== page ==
Who Says You Have to Give 2 Weeks Notice?

Jun 3 2008 in Employment Law, Featured, reCareered Blog, Uncategorized by Phil Rosenberg

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Industry standards used to be that departing employees and companies terminating employees each gave 2 weeks’ notice. That standard held for years, until many employers stopped upholding their end of the unwritten deal, and claiming employment at will, did away with notice selectively.

That opened a big can of worms, as it made employees think of what used to be unthinkable – immediate resignation, without giving the usual two weeks’ notice.

So immediate resignation may now be a more popular option, but is it right for you?

There are many considerations, including legal concerns, when deciding to leave with less than a 2 weeks’ notice. Since I’m not an employment lawyer, nor do I play one on TV, I asked Dan Felix of The Executive’s Attorney to offer his views. Dan is an expert in helping employees determine their termination options and risks.

Dan suggested that if you’re thinking about giving less than two weeks’ notice, the first thing to ask is “Why?” If an employee leaves with less than two weeks notice, it’s most often due to one of these typical reasons:

  1. An offer from a new employer who needs the employee now
  2. The present employment situation is uncomfortable for the employee
  3. The employee doesn’t want the awkwardness of being a ‘lame duck’

If your new employer wants you now, you’ll have to balance the benefit of moving to your new employer immediately vs the potential badwill or even loss of earnings by leaving your old employer early. Perhaps you can negotiate with the new employer to make you whole on any income losses from leaving your old employer early.

If the present employment situation is uncomfortable for you, you’ve got to ask yourself why, and be honest with yourself. If you are being asked to do something illegal or immoral, leave. If you’re uncomfortable because you don’t like your boss or coworkers, consider gutting it out – the risks or lost income might not be worth it. If you are uncomfortable due to harassment, consider talking to a lawyer.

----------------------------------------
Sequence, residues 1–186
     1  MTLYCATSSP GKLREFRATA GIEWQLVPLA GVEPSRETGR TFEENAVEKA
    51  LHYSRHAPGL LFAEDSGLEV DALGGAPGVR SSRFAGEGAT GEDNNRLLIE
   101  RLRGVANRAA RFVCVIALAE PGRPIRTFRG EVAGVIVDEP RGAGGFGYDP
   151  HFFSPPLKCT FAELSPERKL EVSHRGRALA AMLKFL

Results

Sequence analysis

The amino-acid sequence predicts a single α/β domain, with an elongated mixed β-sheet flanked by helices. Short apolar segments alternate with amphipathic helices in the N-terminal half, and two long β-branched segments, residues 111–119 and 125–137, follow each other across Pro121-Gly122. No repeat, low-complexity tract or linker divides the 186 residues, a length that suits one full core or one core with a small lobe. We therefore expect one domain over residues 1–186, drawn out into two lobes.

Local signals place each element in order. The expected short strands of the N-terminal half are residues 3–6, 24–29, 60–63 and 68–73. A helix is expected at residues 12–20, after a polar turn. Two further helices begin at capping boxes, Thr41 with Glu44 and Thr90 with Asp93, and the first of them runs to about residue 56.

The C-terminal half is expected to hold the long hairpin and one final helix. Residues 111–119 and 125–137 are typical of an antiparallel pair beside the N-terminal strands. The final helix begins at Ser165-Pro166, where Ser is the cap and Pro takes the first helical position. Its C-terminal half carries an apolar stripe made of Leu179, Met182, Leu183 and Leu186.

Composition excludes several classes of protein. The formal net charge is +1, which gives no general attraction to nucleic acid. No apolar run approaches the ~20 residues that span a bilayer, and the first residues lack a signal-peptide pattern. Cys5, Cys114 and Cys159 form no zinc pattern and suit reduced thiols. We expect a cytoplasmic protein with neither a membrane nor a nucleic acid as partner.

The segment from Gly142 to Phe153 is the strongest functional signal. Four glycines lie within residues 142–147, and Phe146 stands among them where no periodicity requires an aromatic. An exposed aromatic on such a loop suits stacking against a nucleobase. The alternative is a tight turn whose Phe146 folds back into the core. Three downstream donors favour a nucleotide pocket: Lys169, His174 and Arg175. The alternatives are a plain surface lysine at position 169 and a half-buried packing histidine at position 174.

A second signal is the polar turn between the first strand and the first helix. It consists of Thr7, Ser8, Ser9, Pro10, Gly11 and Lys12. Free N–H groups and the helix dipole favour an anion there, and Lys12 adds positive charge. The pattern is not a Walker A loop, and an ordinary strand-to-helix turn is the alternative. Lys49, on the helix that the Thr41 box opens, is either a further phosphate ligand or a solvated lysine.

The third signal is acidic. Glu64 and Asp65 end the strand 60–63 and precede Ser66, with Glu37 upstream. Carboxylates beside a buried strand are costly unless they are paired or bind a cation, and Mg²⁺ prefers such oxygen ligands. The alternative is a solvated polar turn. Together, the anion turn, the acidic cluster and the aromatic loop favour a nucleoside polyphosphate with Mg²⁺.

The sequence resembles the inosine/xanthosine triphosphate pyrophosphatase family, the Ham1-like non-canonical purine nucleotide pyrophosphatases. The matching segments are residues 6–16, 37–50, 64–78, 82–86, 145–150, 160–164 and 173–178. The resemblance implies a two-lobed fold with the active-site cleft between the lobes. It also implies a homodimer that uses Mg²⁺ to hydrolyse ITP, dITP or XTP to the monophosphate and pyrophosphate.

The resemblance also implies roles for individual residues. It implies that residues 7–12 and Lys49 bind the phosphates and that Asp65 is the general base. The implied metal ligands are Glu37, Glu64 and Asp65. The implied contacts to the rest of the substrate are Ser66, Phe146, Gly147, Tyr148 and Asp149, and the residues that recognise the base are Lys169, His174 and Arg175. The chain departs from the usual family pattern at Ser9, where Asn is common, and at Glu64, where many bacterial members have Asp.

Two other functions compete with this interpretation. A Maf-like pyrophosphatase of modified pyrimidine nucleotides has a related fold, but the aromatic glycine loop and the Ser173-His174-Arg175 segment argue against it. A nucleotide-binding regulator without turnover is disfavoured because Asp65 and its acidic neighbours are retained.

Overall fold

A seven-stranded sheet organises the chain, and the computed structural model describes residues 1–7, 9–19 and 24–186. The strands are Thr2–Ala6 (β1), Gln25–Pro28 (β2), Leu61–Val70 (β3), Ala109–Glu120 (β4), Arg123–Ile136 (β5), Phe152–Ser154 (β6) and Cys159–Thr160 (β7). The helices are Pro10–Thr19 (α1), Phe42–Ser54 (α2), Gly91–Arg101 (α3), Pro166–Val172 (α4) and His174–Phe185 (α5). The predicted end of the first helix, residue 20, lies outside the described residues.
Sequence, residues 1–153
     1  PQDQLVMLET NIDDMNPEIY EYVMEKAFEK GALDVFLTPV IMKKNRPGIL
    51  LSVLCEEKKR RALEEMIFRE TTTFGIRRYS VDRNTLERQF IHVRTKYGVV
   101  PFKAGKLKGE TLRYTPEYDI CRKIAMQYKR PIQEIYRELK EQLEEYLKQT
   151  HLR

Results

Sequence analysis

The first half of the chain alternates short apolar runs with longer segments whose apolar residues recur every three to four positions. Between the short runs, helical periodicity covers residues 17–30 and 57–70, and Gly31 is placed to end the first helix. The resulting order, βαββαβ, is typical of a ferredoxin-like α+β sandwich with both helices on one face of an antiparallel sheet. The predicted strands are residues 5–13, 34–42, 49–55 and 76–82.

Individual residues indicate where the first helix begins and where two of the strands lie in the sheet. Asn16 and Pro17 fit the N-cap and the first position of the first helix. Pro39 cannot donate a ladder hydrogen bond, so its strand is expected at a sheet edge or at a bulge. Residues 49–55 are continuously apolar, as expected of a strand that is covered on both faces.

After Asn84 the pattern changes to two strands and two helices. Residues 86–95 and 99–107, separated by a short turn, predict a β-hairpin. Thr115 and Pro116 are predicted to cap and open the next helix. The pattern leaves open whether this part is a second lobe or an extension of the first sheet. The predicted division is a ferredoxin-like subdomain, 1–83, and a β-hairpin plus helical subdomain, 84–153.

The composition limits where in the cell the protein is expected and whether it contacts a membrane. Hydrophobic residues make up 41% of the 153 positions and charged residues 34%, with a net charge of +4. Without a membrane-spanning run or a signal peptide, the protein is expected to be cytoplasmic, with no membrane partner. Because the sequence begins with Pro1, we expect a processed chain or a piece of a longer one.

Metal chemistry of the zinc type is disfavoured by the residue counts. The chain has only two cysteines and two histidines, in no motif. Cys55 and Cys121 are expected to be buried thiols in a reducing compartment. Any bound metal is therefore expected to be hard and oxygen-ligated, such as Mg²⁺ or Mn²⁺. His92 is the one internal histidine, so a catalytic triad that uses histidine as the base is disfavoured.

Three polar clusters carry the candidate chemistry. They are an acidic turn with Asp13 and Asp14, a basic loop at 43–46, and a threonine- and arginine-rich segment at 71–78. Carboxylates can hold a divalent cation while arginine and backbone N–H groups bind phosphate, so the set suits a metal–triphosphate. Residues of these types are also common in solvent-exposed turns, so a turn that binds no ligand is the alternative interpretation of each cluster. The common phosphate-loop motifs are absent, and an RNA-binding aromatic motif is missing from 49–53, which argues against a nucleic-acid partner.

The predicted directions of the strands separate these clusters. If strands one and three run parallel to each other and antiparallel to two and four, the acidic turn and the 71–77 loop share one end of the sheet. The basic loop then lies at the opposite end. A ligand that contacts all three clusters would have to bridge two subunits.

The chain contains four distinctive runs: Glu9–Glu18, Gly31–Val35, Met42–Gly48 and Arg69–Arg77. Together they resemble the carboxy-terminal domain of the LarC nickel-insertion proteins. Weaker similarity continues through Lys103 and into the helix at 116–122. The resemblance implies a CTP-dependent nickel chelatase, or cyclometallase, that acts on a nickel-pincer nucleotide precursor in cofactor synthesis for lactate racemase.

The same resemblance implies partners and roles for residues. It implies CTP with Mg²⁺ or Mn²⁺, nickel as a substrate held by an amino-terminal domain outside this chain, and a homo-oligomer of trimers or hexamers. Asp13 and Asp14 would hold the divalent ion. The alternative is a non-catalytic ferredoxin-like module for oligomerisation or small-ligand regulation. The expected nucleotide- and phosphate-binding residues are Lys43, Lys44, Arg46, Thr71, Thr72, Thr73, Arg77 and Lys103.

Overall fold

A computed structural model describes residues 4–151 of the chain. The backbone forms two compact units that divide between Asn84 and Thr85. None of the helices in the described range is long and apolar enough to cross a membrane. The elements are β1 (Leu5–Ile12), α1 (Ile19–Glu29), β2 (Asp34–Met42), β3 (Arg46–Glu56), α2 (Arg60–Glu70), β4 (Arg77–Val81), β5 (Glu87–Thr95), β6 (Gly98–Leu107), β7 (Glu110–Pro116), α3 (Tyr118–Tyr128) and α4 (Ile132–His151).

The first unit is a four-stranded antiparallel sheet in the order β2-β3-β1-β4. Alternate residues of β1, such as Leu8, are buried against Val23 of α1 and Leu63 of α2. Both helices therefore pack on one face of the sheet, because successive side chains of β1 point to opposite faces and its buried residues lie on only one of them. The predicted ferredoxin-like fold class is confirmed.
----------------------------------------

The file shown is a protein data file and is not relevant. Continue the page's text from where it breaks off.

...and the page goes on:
If you just don’t like being a ‘lame duck’ (and who does?), just deal with it. It’s not worth possible income losses and potential badwill from jumping ship early, just so you can hang out in the backyard and tan.

When considering giving less than two weeks’ notice, Dan suggested that you should first look at your employment contract, if you signed one. Check out the file you kept of all the papers you signed when you joined the company, subsequent non-compete/non-disclosure agreements, or employment agreements you may have signed. Dan mentioned that in most states “There’s nothing in the law to say ‘Thou shalt give notice.’ Expecting an employee to give a 2 week notice is legal to the extent they signed an agreement or obligated themselves to give that notice.”

Dan added “Most companies just have cultural expectations of ‘that’s how it’s done around here.’” Some companies will make the day you give notice your last day. Be aware, so if that’s the norm with your employer, you can prepare before giving notice.

Employment-at-will says that either party can walk away without hindrance or penalty. All States enforce employment-at-will to some degree, according to http://employeeissues.com, but each state is different. Dan Felix suggests you consult an employment attorney with expertise in the specific employment laws of your state.

Two week notices policies in Employee handbooks usually aren’t legal contracts in most situations. Dan mentioned that “Most companies go out of their way to affirm that employee manuals are not a contract.”

But if you’ve signed an employment contract, here’s what is at risk:

  • Unpaid Bonuses
  • Severance benefits
  • Accrued Vacation pay
  • Unpaid Commissions
  • Unreimbursed expenses
  • Other issues
  • Even if you haven’t signed a contract, if cultural expectations are to give two weeks notice, you may risk a poor reference from your old boss if they felt slighted.

So before you decide to ditch your employer early, make a transition plan, determine if you need a lawyer’s help, anticipate issues, risks, and opportunities for negotiation. Specifically consider the following:

  1. What are your goals? Why do you want to leave early?
  2. Did you sign an explicit employment contract, and what does it say?
  3. Consider the culture, and company norms – what happened when others left with less than two weeks’ notice?
  4. Is there any opportunity for leverage or negotiation? Consider Legal, business, moral, and personal leverage opportunities.

Dan stressed “Don’t just take your friend’s or a recruiter’s advice, and definitely don’t just depend on your career coach’s advice. Even with the best of intentions, they don’t know the law. Each situation is different and each employer is different. Most employees look at the issues myopically, but legal expertise helps you see the whole picture. Talk to someone who’s evaluated hundreds of these situations, who can help you make a calm, informed, rational decision.”

Kids, don’t try this at home. Call in the cavalry and get an expert to help you make the right decision, not an emotional decision that could be expensive.


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Source: http://reCareered.com
Author: Phil Rosenberg

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